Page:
They shall grow not old, as we that are left grow old,
Age shall not weary them, nor the years condemn.
At the going down of the sun and in the morning,
We will remember them
As a family, we were very lucky throughout both World Wars. Yes, the men of the family went off to do their part and the women were left behind to worry and take over their work. Yes, the men saw horrific things, and never talked about them; things that coloured their lives for ever. We were lucky that all our men returned home, largely unscathed physically. We were lucky that their marriages survived intact and healthy.
My grandmother had three sons, one in the Army, one in the Air Force and one in the Royal Navy, and all three returned safe and sound. We were lucky.
On Remembrance Sunday, we should also remember how people were mentally scarred by what they saw and experienced during war. Those memories were buried deep until old age, in many cases, when they rose up again to torture their minds. Many old servicemen have required treatment and counselling to allow them to cope with those deeply buried memories. We, as their descendents, will never really know what happened to them and what the war was like for them.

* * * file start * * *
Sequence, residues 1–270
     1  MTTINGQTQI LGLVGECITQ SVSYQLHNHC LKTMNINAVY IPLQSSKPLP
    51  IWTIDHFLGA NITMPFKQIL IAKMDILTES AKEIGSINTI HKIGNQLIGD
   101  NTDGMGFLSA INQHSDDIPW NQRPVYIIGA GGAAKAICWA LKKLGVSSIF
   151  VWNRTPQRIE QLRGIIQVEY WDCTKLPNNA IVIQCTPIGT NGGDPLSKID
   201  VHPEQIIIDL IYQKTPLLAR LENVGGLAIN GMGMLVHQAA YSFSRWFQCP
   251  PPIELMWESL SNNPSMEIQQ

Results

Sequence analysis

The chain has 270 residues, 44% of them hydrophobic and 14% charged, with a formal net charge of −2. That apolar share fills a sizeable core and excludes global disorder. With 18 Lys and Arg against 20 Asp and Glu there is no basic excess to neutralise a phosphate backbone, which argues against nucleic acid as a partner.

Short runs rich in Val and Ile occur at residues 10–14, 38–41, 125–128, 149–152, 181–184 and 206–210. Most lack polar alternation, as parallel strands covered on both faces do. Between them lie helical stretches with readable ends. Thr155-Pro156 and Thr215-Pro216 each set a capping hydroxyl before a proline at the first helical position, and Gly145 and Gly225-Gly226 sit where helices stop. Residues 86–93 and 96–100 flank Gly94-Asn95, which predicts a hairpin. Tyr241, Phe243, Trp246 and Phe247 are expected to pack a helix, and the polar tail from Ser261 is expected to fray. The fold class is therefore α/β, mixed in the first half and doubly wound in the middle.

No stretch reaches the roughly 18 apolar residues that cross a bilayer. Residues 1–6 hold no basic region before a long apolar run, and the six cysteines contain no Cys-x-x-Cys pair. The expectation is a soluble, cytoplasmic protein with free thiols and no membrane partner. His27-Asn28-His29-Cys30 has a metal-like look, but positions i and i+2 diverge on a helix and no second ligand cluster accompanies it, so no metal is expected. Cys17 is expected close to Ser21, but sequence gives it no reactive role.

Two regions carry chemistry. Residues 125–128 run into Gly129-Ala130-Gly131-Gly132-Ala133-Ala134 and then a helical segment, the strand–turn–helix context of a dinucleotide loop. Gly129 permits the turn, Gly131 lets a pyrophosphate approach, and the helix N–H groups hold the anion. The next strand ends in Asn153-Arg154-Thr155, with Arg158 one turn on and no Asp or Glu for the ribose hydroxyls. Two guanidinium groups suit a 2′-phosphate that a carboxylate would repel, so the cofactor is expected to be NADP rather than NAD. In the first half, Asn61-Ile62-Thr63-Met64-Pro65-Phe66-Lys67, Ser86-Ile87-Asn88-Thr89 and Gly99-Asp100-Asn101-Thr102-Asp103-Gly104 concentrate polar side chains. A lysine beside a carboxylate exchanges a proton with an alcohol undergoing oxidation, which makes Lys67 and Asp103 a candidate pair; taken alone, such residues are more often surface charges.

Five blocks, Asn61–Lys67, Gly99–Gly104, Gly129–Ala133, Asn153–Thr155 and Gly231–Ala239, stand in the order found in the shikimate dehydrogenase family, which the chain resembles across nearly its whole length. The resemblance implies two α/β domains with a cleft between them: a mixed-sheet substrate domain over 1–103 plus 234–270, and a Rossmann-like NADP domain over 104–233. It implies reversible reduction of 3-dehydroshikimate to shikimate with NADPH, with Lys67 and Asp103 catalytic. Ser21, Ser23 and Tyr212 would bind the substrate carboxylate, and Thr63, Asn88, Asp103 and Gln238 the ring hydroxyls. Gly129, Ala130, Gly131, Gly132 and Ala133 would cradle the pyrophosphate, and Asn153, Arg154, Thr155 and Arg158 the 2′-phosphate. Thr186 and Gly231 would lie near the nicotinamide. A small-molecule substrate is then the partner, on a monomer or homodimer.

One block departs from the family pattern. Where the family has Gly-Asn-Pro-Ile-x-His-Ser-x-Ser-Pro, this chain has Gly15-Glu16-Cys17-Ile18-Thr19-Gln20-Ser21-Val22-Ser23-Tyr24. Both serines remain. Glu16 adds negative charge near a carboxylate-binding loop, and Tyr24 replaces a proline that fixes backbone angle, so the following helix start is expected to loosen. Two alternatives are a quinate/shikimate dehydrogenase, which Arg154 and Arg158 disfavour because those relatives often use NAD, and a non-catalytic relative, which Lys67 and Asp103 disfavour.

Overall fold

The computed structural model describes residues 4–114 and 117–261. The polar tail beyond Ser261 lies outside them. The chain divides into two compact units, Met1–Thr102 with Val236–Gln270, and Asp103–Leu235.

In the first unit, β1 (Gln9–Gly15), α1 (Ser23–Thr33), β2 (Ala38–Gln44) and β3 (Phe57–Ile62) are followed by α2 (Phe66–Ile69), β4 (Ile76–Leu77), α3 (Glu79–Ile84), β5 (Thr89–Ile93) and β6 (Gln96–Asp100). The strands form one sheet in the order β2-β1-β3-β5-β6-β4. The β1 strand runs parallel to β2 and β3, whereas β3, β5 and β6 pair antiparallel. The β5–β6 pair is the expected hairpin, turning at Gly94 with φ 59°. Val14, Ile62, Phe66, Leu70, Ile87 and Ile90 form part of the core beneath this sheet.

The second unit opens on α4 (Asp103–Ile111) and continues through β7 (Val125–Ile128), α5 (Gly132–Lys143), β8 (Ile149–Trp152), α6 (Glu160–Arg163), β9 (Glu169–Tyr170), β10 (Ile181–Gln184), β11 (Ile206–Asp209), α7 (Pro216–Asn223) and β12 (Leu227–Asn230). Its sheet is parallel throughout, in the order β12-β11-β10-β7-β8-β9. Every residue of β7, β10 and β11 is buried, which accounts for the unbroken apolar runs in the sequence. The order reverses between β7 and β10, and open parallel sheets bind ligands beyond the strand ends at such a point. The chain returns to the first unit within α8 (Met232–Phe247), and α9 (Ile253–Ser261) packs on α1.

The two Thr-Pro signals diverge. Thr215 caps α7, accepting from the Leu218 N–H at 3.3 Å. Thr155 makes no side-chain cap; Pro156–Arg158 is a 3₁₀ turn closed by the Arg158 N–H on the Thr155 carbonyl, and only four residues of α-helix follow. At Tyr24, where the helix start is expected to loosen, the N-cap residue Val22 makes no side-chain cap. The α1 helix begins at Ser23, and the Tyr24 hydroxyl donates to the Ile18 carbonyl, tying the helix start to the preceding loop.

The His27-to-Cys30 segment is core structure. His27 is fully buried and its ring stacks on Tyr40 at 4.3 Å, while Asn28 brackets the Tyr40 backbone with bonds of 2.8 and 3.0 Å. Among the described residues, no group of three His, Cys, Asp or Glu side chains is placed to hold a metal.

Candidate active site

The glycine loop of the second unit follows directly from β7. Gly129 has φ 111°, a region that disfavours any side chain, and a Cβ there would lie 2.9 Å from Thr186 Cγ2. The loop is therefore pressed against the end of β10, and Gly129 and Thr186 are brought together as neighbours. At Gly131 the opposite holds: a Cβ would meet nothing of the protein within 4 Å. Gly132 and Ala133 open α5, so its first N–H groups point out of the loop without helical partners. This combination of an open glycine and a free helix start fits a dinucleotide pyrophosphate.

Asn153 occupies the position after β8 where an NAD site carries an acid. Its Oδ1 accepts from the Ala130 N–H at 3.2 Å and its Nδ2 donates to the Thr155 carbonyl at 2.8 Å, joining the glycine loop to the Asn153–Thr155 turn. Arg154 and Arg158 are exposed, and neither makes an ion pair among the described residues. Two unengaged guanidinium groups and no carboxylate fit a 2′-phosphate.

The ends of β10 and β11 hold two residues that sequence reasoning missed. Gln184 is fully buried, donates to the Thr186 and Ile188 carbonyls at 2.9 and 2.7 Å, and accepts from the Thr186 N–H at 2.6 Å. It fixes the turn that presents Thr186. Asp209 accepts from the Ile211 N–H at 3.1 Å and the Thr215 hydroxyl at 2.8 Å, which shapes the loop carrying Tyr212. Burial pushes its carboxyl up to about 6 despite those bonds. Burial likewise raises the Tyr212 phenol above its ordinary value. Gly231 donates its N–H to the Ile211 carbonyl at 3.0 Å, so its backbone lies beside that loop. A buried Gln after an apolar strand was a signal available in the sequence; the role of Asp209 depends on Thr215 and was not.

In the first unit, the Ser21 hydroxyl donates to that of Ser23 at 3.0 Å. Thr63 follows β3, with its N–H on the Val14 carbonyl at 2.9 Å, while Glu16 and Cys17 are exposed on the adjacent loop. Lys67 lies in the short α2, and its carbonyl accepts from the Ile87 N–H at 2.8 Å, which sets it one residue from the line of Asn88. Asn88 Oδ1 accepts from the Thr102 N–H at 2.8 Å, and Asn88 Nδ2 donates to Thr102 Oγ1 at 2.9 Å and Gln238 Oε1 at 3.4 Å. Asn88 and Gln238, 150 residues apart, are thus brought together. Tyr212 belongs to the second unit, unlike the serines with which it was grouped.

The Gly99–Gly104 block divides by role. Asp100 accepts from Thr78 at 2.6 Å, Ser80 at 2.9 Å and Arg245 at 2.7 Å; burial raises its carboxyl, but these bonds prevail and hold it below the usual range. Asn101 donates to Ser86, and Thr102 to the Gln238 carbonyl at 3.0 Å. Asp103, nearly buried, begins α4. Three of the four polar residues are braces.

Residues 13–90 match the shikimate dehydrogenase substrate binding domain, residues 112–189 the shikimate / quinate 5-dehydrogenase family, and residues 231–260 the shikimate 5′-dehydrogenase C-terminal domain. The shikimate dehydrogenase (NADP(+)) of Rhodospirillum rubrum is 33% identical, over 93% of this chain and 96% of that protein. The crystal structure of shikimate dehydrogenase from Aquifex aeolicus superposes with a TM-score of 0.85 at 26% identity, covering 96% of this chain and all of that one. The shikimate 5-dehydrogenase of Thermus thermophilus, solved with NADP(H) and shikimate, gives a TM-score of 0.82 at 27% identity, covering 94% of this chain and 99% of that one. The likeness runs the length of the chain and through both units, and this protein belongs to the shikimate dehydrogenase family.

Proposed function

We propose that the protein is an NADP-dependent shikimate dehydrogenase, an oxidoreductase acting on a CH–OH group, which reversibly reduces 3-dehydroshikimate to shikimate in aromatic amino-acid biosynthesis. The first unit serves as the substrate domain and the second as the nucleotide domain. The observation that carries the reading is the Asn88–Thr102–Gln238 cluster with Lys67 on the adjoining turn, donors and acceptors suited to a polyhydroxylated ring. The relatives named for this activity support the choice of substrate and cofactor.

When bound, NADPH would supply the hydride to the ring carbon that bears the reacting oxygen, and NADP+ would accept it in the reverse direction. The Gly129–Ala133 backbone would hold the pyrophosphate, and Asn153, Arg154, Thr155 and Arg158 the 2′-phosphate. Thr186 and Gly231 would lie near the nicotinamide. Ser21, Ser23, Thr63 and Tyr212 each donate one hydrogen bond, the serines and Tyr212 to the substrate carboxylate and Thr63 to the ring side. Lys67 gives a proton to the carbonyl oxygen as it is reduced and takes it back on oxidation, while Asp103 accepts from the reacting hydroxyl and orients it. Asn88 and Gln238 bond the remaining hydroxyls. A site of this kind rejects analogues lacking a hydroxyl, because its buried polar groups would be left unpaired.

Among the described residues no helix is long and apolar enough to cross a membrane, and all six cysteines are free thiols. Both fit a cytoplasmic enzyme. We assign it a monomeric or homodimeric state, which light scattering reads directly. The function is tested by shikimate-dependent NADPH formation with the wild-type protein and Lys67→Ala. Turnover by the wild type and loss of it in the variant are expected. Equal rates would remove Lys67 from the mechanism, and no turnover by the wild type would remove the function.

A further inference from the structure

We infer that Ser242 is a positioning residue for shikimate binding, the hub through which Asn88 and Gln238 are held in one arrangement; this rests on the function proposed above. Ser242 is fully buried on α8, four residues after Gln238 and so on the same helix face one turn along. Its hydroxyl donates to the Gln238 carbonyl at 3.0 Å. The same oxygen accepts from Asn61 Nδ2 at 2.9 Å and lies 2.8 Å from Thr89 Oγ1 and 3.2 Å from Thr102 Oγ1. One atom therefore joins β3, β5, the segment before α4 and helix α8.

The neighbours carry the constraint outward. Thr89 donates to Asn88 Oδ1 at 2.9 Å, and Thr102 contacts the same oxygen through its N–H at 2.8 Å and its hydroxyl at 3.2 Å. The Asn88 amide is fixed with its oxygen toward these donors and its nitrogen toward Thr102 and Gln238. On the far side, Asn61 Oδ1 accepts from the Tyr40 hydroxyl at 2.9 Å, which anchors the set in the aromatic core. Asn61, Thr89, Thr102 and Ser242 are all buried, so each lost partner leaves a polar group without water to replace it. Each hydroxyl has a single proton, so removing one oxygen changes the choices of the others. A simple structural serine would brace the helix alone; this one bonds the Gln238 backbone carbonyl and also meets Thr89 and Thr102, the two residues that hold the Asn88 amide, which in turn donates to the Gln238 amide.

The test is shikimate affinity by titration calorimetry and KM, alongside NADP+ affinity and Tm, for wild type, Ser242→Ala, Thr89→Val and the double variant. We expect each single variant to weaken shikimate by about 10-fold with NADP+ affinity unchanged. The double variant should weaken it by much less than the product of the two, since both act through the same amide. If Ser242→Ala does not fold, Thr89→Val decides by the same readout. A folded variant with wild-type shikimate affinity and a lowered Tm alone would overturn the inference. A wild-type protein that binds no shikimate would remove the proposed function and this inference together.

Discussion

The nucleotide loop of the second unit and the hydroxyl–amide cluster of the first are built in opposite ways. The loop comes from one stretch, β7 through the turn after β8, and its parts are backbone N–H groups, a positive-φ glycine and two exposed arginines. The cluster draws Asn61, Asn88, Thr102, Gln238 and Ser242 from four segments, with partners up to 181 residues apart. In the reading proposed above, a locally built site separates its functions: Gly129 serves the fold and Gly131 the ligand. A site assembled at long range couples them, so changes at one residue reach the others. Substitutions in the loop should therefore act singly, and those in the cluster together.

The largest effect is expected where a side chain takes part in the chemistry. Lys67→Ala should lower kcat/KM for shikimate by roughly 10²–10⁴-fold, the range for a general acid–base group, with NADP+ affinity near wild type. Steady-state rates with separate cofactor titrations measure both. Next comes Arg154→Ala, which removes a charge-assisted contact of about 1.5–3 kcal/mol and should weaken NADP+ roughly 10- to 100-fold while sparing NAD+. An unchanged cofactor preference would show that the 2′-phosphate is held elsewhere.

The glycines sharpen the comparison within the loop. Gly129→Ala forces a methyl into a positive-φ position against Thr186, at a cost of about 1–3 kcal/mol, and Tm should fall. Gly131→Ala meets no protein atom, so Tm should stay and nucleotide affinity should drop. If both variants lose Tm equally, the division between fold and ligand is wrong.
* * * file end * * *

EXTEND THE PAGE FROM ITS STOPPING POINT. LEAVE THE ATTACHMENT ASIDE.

All I know about my grandfather and his WW1 experiences is that as a high grade saddle maker, he was in great demand to fix the kit of the senior officers and their horses in the desert. He was also a good footballer and played for his unit. The teams had regular fixtures against other unit, often being left behind to play those matches and then having to find their own way back to their own units. Grandad was invalided out and sent home after being close to death from Malaria.
As I said, our family was lucky. Today, we should remember those who were not so lucky, and those families who are still suffering in wars now.